Brilliant Club impact study

The Brilliant Club impact study found that the English Mastery programme had a significant positive effect - equivalent to four months' additional progress.

Here is an overview of the findings - you can read the full report here.

The English Mastery curriculum and teacher development programme is a comprehensive intervention that aims to raise attainment for all pupils in key stage 3 English. The programme aims to deepen and accelerate students’ reading and writing progress by exposing them to a cumulative, knowledge-rich curriculum and by training subject teachers on the specific curriculum topics. Compared to traditional curricular, more challenging texts are studied and greater emphasis is placed on vocabulary acquisition, cultural capital, background knowledge and explicit grammar instruction. This report summarises the results of an independent evaluation conducted by the Research and Impact Department at The Brilliant Club. A total of 1700 pupils were involved in this evaluation. Of these, 851 pupils in seven schools received the intervention and completed a GL Assessment’s Progress Test in English (PTE) once a year over the duration of the intervention in Year 7, 8 and 9 (treatment group). A group of 849 pupils in seven other schools completed the PTE in Year 9 but received no intervention (control group). Prior attainment(Key Stage 2 reading scores) and demographic data (age, gender, FSM and EAL status) were collected for both groups of pupils.

This report includes three sets of analyses: 

1) A cross-sectional comparison of Year 9 English scores between treatment and control groups to examine the overall effects of the intervention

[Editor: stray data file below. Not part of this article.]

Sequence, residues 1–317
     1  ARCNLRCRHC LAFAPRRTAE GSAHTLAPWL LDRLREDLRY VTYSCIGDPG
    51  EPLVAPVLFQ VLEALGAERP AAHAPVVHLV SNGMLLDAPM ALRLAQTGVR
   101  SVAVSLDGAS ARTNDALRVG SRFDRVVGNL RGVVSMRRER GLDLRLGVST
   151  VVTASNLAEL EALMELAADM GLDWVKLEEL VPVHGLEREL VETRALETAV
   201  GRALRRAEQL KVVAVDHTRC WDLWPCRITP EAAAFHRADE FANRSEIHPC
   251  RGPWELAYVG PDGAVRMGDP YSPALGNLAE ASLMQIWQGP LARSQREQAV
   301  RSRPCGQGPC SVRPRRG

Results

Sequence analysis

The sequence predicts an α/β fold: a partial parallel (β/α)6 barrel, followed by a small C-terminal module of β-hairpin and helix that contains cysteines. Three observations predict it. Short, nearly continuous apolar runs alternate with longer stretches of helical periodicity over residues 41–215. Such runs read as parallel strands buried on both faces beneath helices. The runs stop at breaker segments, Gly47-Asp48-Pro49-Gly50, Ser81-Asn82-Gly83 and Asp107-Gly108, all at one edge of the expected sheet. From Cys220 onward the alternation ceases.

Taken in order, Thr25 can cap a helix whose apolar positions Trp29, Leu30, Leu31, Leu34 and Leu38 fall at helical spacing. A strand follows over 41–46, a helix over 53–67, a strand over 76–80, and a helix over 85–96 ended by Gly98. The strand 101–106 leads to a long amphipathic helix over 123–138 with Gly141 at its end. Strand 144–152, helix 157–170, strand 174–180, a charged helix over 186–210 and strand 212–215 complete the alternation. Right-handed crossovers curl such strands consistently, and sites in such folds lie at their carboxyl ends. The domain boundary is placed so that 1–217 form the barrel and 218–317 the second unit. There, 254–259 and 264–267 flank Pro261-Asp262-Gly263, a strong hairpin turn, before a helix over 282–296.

2) A longitudinal analyses on progression in the treatment group and a comparison of expected progression with national data in both groups

3) Subgroup analyses to explore whether the intervention had differential effects on pupils with different characteristics.

Key Findings

  • The English Mastery Programme had a significant positive effect on pupils’ English scores, regardless of pupils’ prior attainment and demographic characteristics.
  • Pupils in the treatment group scored on average 4.32 percentage points higher than the control group. The effect size of the intervention was medium (d’=0.28), equivalent to four months’ additional progress (Education Endowment Foundation, 2012).
  • Overall, the intervention had similar effects across three years. It was particularly beneficial for pupils with lower prior attainment, and marginally more effective for non-Free School Meals (FSM) pupils.
  • The intervention had similar effects for girls and boys, with girls consistently outperforming boys in all three consecutive years.